Before I started this course, I had almost no clue what Economia was all about. I attended a Language High School before and my passion are languages, but I felt like I wanted to study something new. I'd like to work in a European Institution some day and language knowledge is surely useful, but not enough. So I chose Economia. In my country it's seen as a degree that is more likely to make you land in a good job position. I chose Padova first of all for its closeness to my hometown, but I knew it's also quite renowned in Italy for its teaching quality and after-graduation ranking position for jobs, especially in the economic field, second only to Bocconi (Milan).
I am currently at the 3rd year of my degree and I find myself very happy with my choice. Sure, it's been tough at times, particularly in the beginning when I had more Mathematics to catch up than my average colleague (most of them had previously studied in economic or scientific schools). But all the courses I've taken until now have been really interesting. I like the fact that this degree gives you a broad preparation - we have exams about Economics, Accounting, Law, Finance, Business Administration and so on. The first 2 years all the predetermined courses are compulsory, but you are free to choose how you wish to build your 3rd year: do you want to get more specialised in Corporate, Entrepreneurship, Banking, Law...? No problem, there's always a path for you.
Almost all professors are kind and helpful. They are surely all well prepared and know their subject deeply - although in some cases they weren't always able to convey their knowledge (lacking teaching skills), it's possible to prepare yourself for an exam on your own.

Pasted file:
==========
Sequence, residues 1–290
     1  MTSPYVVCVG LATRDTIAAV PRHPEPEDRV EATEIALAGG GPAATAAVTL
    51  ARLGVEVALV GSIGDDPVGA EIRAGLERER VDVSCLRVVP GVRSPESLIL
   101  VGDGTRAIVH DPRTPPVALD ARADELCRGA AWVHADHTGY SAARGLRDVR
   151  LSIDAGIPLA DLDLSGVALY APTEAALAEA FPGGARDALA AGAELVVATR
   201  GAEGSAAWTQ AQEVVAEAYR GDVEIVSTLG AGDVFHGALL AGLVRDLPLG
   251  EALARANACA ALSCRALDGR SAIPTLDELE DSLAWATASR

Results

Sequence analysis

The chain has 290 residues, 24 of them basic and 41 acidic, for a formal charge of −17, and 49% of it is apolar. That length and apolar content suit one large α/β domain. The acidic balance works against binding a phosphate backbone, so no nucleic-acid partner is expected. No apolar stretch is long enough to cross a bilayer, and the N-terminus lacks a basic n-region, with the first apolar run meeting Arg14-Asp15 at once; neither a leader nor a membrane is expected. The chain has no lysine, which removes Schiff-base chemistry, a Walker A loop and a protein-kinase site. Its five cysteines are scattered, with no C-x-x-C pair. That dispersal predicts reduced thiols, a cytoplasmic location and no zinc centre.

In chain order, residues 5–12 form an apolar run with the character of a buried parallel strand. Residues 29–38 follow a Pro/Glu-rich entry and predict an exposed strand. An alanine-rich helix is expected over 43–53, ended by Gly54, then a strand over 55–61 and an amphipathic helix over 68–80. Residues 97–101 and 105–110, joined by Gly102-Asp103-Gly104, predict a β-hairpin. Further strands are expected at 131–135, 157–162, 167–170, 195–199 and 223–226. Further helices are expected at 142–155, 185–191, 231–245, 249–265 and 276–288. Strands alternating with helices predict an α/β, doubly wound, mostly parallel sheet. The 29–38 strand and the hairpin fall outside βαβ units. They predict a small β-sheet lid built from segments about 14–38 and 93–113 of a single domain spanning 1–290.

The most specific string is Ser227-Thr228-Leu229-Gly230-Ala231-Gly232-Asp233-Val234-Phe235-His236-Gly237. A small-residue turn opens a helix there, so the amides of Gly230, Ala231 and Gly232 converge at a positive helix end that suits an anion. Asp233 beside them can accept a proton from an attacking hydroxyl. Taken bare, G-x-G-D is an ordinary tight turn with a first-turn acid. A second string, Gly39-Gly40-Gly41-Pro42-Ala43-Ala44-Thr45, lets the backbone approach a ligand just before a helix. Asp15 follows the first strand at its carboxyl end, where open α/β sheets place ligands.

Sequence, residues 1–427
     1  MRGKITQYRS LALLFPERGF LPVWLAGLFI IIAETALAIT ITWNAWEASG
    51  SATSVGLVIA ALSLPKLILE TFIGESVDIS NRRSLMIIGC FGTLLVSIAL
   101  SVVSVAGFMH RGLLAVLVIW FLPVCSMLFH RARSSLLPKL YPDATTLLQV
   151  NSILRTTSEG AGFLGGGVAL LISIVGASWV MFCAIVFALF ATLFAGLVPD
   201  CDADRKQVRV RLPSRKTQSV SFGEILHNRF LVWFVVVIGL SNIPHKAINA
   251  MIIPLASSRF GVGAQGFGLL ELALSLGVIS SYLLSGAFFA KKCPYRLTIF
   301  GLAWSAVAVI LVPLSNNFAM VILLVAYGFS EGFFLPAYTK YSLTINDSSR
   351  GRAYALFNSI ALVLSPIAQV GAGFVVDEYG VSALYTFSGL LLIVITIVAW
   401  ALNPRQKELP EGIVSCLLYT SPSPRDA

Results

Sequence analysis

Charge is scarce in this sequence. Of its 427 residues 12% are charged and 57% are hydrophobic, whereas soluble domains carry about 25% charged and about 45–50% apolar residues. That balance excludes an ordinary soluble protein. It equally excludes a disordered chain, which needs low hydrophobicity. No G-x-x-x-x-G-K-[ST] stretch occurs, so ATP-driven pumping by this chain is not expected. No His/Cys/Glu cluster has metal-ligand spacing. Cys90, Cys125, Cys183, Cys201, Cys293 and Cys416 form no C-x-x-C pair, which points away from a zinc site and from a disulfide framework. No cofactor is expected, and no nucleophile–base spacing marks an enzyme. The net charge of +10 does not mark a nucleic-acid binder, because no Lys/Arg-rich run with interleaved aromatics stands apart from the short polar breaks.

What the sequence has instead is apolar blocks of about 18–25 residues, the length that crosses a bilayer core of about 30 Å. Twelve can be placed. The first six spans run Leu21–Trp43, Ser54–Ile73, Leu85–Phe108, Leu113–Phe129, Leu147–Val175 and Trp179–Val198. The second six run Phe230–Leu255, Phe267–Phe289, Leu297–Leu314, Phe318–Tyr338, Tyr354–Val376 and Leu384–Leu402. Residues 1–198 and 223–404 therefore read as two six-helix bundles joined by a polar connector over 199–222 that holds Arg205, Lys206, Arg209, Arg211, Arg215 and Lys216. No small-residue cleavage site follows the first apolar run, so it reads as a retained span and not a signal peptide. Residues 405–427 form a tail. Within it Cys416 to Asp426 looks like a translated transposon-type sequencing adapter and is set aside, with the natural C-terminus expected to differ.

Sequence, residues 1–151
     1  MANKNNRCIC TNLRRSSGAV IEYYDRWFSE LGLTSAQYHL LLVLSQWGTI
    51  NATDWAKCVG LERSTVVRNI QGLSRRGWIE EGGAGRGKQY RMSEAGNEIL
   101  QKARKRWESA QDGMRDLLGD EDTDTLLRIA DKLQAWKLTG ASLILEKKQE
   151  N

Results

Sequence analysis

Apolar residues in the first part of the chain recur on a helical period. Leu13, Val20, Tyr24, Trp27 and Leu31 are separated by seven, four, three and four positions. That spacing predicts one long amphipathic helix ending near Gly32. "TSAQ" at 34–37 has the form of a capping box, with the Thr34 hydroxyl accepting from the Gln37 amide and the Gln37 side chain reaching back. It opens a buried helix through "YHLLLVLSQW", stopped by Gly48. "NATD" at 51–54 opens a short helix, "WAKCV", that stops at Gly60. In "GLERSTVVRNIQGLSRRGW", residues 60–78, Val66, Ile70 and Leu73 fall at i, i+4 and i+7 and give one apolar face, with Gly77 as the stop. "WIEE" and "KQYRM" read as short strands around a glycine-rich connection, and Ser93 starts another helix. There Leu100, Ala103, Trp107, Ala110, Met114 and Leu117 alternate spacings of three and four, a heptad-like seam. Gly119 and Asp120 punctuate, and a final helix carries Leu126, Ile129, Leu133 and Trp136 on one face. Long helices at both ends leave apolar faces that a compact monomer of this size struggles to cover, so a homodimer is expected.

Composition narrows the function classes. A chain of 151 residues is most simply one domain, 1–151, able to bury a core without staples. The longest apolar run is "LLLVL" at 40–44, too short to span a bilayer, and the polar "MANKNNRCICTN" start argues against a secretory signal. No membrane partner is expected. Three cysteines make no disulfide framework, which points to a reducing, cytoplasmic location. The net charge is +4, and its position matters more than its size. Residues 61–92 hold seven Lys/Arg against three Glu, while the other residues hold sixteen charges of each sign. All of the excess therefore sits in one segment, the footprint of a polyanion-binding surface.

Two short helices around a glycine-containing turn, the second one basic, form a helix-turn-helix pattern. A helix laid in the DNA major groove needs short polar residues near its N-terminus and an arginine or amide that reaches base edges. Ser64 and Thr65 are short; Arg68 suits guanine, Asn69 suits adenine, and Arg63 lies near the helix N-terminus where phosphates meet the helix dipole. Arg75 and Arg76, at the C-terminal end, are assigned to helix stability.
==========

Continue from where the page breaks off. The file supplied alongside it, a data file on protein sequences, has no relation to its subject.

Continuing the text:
Schedules are very well organised - really, I've heard stories from my friends of other faculties and I feel lucky. Timetables never overlap. You know lessons and exams' dates in time. All lessons are in buildings close to one another so you don't need to move and hurry from one part of the city to another. Most of the lessons have "human hours": other than in particular cases, you will never have to wait 4 hours between a class and another, instead you will be free either in the morning or afternoon. For each class there are at least two teachers that follow the same program, so if you don't like the teaching methods of one, you can go listen to the other. The only thing I don't like is that classrooms immediately close after the class ends so one can't just stay there and study but instead has to move somewhere else, without apparent reason, but that's not a big deal.
Sorry this is so long. I think I've mentioned everything. Overall I believe this is a good university and degree program and I would recommend both to those who are interested in the economic field but also have a international vocation and want to acquire skills in many related areas.
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